Part of that process is acknowledging that a history of oppression exists – that such oppression comes with an inability to speak for oneself or represent oneself, and a failure for attempts to do so to be taken seriously. People identify as members of minority groups partly because society has constructed those categories for them, and partly as a reaction to the marginalisation that those categories are used to justify. That sense of unity between people who are similarly oppressed is the first step towards overthrowing that oppression. But it’s also problematic, because one of the inherent difficulties of the concept of racial/social/cultural authenticity is its tendency towards homogeneity. Necessarily premised on generalisations, calls for ‘authentic’ representation of marginalised minority groups in public discourse often denies individuals who identify as part of those categories the right to an owned sense of self, to the complexities and idiosyncrasies that come from plurality.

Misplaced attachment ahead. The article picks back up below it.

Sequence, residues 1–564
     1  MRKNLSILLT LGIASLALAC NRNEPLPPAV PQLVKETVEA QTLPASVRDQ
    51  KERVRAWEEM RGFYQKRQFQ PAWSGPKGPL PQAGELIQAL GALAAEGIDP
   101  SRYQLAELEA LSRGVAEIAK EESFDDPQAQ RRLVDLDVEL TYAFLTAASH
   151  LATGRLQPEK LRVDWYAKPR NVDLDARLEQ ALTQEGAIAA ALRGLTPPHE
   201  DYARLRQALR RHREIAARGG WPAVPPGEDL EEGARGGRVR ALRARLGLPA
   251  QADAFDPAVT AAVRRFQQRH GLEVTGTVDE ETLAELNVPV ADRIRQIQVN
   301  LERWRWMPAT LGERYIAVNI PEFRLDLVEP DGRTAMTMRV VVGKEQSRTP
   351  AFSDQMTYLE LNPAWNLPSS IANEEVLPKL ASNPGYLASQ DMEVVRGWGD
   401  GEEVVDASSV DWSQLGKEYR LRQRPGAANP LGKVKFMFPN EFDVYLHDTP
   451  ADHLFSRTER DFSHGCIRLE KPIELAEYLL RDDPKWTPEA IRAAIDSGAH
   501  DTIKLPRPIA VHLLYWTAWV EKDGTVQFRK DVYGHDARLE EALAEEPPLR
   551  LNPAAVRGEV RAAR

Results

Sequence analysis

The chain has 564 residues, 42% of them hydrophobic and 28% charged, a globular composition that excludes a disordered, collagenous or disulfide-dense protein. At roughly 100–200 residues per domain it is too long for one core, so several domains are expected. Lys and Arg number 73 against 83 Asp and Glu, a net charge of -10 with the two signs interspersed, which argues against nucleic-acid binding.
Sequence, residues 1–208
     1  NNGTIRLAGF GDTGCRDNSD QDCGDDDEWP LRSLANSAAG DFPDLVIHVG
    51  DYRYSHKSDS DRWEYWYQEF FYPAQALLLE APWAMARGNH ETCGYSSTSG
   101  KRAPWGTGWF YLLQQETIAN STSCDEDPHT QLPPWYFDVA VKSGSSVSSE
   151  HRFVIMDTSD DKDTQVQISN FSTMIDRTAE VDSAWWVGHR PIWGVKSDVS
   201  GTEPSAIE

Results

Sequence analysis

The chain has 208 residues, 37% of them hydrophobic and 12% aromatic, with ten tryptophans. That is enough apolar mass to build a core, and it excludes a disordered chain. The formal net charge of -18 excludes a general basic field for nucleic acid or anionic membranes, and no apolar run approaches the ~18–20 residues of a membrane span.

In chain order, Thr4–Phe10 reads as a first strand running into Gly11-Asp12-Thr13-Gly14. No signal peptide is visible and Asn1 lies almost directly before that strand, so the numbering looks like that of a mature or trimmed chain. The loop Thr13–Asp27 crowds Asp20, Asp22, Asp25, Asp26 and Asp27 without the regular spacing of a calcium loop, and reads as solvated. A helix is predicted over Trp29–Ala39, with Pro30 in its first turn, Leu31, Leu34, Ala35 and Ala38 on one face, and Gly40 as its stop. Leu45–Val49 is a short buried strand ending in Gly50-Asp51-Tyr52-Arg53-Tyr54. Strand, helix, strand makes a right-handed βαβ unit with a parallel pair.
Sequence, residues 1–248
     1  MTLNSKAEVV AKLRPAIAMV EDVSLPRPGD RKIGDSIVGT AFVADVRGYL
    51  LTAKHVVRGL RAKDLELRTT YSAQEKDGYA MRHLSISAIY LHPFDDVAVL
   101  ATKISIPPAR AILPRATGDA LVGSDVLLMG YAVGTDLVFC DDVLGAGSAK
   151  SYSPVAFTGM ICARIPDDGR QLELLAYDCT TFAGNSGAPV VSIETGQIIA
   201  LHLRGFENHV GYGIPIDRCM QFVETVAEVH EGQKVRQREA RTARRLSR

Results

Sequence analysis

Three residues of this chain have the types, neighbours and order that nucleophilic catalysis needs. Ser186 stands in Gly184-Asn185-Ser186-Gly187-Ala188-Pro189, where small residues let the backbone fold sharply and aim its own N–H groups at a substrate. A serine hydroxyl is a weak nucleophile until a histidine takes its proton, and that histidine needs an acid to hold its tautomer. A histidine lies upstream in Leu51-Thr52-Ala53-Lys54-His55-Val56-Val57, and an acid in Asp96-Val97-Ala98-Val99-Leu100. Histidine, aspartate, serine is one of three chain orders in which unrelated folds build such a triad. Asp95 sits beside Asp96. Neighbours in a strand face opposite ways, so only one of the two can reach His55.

However, a married American man based in Scotland is not a Syrian-American lesbian living in Damascus. A straight married man is not a deaf lesbian woman. These personalities were created to speak for those marginalised groups because the men who created them thought that their own voices – white, male, straight, American – weren’t carrying enough weight in the debate. They acknowledged that their own sociocultural positioning impacted on how people received their views and opinions, but not how that positioning helped to form those opinions in the first place. And by creating hoaxes, they acted on a very real failure to acknowledge why it might be problematic to attempt to speak for the Other – in this case, the Others being right at the intersection between race, sexuality and gender. It doesn’t matter how good their intentions were – impersonation directly undermines the project of self-determination, and through their failure to acknowledge this, these writers effectively reinscribed the cultural status quo. Indeed, as one commentator put it, ‘It’s hard to imagine a more Orientalist project than a married, male, American writer masquerading as a Syrian lesbian’.